Thirty years of service have come to an end for the aircraft, which Defence said has proven to be the backbone of Air Force and Navy flight training.
The PC-9/A aircraft was officially farewelled during a ceremony at RAAF Base Pearce in Western Australia last week.
Deputy Air Commander Australia Air Commodore Guy Wilson said he was proud to join hundreds of RAAF members, personnel from supporting contractor Airflite, along with representatives from original manufacturer Pilatus and their respective families at the function.
“The PC-9 aircraft has provided fantastic service to the Australian Defence Force over the past three decades," AIRCDRE Wilson said.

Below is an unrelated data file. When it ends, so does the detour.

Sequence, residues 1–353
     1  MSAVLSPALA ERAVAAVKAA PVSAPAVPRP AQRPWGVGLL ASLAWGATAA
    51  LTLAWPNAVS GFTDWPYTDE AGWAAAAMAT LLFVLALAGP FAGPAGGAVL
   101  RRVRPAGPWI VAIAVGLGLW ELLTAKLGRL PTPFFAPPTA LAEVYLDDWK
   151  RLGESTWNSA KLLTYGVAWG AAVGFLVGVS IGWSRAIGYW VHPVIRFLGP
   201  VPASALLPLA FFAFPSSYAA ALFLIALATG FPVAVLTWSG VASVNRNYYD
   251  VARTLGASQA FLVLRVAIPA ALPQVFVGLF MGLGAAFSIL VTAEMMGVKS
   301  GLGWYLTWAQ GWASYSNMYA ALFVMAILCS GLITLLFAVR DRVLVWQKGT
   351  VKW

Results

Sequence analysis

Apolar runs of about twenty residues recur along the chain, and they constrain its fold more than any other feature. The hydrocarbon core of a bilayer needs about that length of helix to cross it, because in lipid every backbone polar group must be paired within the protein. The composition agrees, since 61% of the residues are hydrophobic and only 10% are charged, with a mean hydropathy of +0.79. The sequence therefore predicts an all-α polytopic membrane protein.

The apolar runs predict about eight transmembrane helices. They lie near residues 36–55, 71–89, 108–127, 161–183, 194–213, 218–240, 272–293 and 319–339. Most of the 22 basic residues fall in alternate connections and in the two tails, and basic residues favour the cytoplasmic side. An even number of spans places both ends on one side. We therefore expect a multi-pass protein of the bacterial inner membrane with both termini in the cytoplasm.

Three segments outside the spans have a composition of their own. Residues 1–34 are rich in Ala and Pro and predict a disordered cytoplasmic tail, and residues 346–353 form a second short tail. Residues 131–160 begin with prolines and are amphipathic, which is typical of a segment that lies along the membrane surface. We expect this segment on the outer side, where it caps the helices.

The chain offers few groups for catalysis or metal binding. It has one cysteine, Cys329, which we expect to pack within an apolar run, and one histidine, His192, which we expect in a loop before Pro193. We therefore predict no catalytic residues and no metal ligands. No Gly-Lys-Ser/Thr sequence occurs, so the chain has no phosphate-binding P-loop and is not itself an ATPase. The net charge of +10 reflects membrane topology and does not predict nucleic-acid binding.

“The aircraft has successfully supported 103 pilot training courses and graduated more than 1,400 pilots from Navy and Air Force."
The PC-9/A retirement comes as Defence introduces one of the world’s most advanced training aircraft, the PC-21, as part of the new pilot training system project.
“For those who have flown and supported the PC-9 fleet, seeing them retire will be an emotional experience – but the introduction of the PC-21 allows us to deliver modern and effective training that will serve the next generation of pilots,” AIRCDRE Wilson said.
The PC-9/A aircraft was introduced to service in 1987 and began pilot training two years later.
The retired fleet of PC-9/A aircraft will be disposed through transferring to heritage centres, allocated as training aids and through commercial sale.